Stop Being the Last-Minute Person: Everything You Need to Know about Procrastination



Understanding procrastination

Usually, we think of procrastination as a bad habit, but this might not be the case. Research by Burka and Yuen, authors of Procrastination: Why You Do It, What to Do About It Now, have found that procrastination is not a bad habit, but a psychological syndrome caused by one’s fear. In other words, procrastination is not purely a problem of time management. Instead, it concerns people’s inner fears, expectations, doubts, and pressures. 

There might be some people, like myself before, who’d always leave their tasks to the very last minute before the deadlines and look forward to a suddenly-burst extraordinary performance, or a very best luck ever. Some even say the closer the DDLs are, the more productive they are.

So, is the deadline really a force to drive us forward in a positive way?

My answer is negative, although from the surface it may seem harmless to some people, and can to some extent be converted to a motivator. However, deep inside, procrastination brings more harm than good for most of us.


Consequence of procrastination

On top of all the damages caused by procrastination: mental sufferings. Even though relaxing first brings instant joy, it’ll soon be replaced by overwhelmingly negative feelings: e.g. anxiety thinking, nagging pain, the guilt of not starting earlier, etc. Not hard to imagine how painful it is to be trapped in this situation for a long period.

From the view regarding one’s physical health, there’s also a detrimental consequence. Chasing DDLs usually means overworking at a late point. For example, burning the night oil in a row. If this continues as a habit, it will threaten one’s physical health as well.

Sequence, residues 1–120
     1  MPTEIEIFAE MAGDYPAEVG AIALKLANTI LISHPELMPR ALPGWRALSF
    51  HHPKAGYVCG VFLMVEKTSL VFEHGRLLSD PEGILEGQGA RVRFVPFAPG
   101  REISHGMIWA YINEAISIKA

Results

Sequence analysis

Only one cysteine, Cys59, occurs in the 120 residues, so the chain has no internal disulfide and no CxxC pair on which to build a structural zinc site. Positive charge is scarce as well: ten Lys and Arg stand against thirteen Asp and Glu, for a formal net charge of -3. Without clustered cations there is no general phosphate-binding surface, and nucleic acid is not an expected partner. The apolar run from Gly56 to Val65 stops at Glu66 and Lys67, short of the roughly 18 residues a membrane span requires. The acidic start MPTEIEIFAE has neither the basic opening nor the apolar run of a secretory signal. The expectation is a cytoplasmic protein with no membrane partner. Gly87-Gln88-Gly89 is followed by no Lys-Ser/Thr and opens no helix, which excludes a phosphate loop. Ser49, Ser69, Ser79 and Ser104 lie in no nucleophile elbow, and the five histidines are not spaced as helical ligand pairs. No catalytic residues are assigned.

There might be consequences to other people as well, because people who procrastinate a lot may be bad at time management. For example, being late for a date because they’ve not started dressing up earlier, or being unable to submit a task on time because they’ve wasted a lot of time thinking. These could then make them easy to not be trusted by others, and people around them may also sometimes feel disappointed.  

Then, what at root drives us to procrastinate? What makes people consciously or unconsciously choose to procrastinate?


Reasons for procrastination

  • Excessive perfectionism

People who are perfectionists normally have very high standards for themselves and for the work they do. Therefore, they easily fall into the fear of not being able to reach these standards or making mistakes on the way which will lead to undesirable results. By not getting started, the mistakes/failures will not happen, which means at this procrastinating point at least, they don’t have to worry too much. 

Also, many perfectionists may waste too much time thinking about how to do it instead of actually doing it. They choose to wait till a perfect plan is ready. However, there is neither a flawless plan nor a perfect outcome. Plus, it’s extremely hard for excessive perfectionists to be fully satisfied with what they’ve achieved no matter how good it is. 

  • The rewards are too far away. 

Studies have shown that the farther the due date is, the less binding force it may execute on us, and the easier it is for us to feel unmotivated to start. Compared to gaining rewards from a not-so-recent future, instant gratification is much easier. 

This might be the very reason why many people choose to enjoy first and do later. For example, if the deadline for an assignment is 2 weeks from now, then spending 2 days watching a new series on Netflix doesn’t seem like a big deal. 

  • Fear of difficulty

The reason for this fear is we know the goal is too big and requires hard work. Sometimes when we are given a big task, e.g. dissertation, we might be very likely to feel overwhelmed, not knowing where to start or how. The motivation then downgrades to 0. Similarly, when a monthly personal KPI has been given, even just thinking of it brings a lot of headaches already, let alone start doing. 

  • Lack of awareness and skills of time management

Sad but true, I know:(  

For these, getting so used to an unstructured work/study style makes it even harder not to procrastinate. Never thinking of organizing or not knowing how is a big hindrance to their productivity. But, it’s totally fine if you just enjoy the flow and do not worry about getting things done. However, for those who crave progression and success, then tackling procrastination and learning how to manage your time and organize things well is extremely important. Let TickTick help with that 🙌

  • Dislike of taking orders